First, a note to would-be interviewers: it’s probably not the wisest idea to begin an interview by spilling tea all over your chosen subject. Fortunately, Kate Atkinson, in San Francisco last weekend while on tour for her newest novel, ONE GOOD TURN, was a good sport about it (possibly because, as it turned out, the tea in question was hardly drinkable) and proceeded to answer a few questions as the sun streamed down near a cafe on Market Street.
ONE GOOD TURN follows up on CASE HISTORIES, the bestselling book that introduced Edinburgh private investigator Jackson Brodie to readers, especially within the crime fiction community. But as Atkinson has pointed out many times before, she doesn’t view herself as a crime novelist – more a novelist who “happens to write about crime.” But because she’s seen to have “made a switch” from writing purely literary work to books that can be classified within crime fiction’s boundaries, does it affect how she’s perceived? “The difference is less in Britain, where my publisher has, at least until ONE GOOD TURN, really avoided getting the crime tag on the novels. So I’m seen as the same writer over there. But here in America, I’m kind of “born again.” I have lots of people come up to me and say how much they really enjoyed my first novel – and they mean CASE HISTORIES. So I just say thank you very much rather than correct them! And that’s been strange because America is the only country that’s happened in, and I don’t think [CASE HISTORIES] was necessarily promoted that way, it just happened.”
It’s not that Atkinson doesn’t want to be part of what she calls “the crime writing fraternity,” it’s just that she never viewed herself as a part of it. “What worries me a little is that since I’m may well write a third novel with Jackson Brodie, I’m not going to do a fourth – and if I’m viewed strictly as a crime writer and deliver something entirely different afterwards, people will turn around and say ‘well, that’s not a crime book!” She later described a story of getting into various taxis and having the driver ask what she does. When she explained she was a writer, most asked, “well, what kind of writer.” And most of the time, Atkinson confessed, she wished she could just say “I write books” and be done with it.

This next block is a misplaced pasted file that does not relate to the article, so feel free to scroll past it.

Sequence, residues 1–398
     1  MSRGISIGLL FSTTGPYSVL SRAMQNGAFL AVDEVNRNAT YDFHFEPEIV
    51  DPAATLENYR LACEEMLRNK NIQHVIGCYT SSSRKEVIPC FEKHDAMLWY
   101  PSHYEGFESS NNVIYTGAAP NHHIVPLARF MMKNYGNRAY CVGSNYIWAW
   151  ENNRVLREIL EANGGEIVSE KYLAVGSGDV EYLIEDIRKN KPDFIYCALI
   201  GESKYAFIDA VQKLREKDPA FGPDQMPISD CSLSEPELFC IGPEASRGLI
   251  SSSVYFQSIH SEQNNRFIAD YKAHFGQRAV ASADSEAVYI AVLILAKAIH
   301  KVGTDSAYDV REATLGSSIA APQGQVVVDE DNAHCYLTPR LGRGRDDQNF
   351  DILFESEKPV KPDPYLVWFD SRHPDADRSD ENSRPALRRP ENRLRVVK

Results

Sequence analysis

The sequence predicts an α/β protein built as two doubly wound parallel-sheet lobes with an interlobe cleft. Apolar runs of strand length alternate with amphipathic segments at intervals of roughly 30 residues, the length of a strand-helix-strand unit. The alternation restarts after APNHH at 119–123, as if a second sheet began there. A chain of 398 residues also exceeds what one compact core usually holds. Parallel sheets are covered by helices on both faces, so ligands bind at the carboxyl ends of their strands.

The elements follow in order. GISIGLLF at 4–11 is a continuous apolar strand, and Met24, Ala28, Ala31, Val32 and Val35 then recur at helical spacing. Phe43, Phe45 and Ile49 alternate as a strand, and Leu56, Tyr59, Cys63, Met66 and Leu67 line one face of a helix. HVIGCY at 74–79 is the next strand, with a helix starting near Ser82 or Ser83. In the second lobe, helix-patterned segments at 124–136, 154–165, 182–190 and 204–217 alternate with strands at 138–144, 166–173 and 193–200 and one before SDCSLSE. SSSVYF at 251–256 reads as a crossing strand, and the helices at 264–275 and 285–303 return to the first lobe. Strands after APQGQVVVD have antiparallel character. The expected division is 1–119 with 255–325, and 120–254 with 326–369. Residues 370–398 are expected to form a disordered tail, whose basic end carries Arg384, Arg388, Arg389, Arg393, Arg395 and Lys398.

Perhaps it’s ironic, then, that the novel Atkinson put aside to write ONE GOOD TURN “has a lot of crime, even a murder in it!” But she views the work in progress, of which she’s written 120 pages, outside genre boundaries. “It’s called GOOD LUCK, and it’s about a guy who has a lot of bad luck and then inherits a child. He’s a character I’m very fond of but I haven’t quite got to the stage where he’s quite right – so every time I leave him, I think that when I come back he’ll be a bit more right. And while he is, I still can’t quite get the tone of the book. It’s changed a lot over time.” But Atkinson mused that even if she keeps on coming back to the project, she might not get the book ready to her satisfaction. “Maybe I’m doomed to keep writing the first hundred pages of this book for the rest of my life!”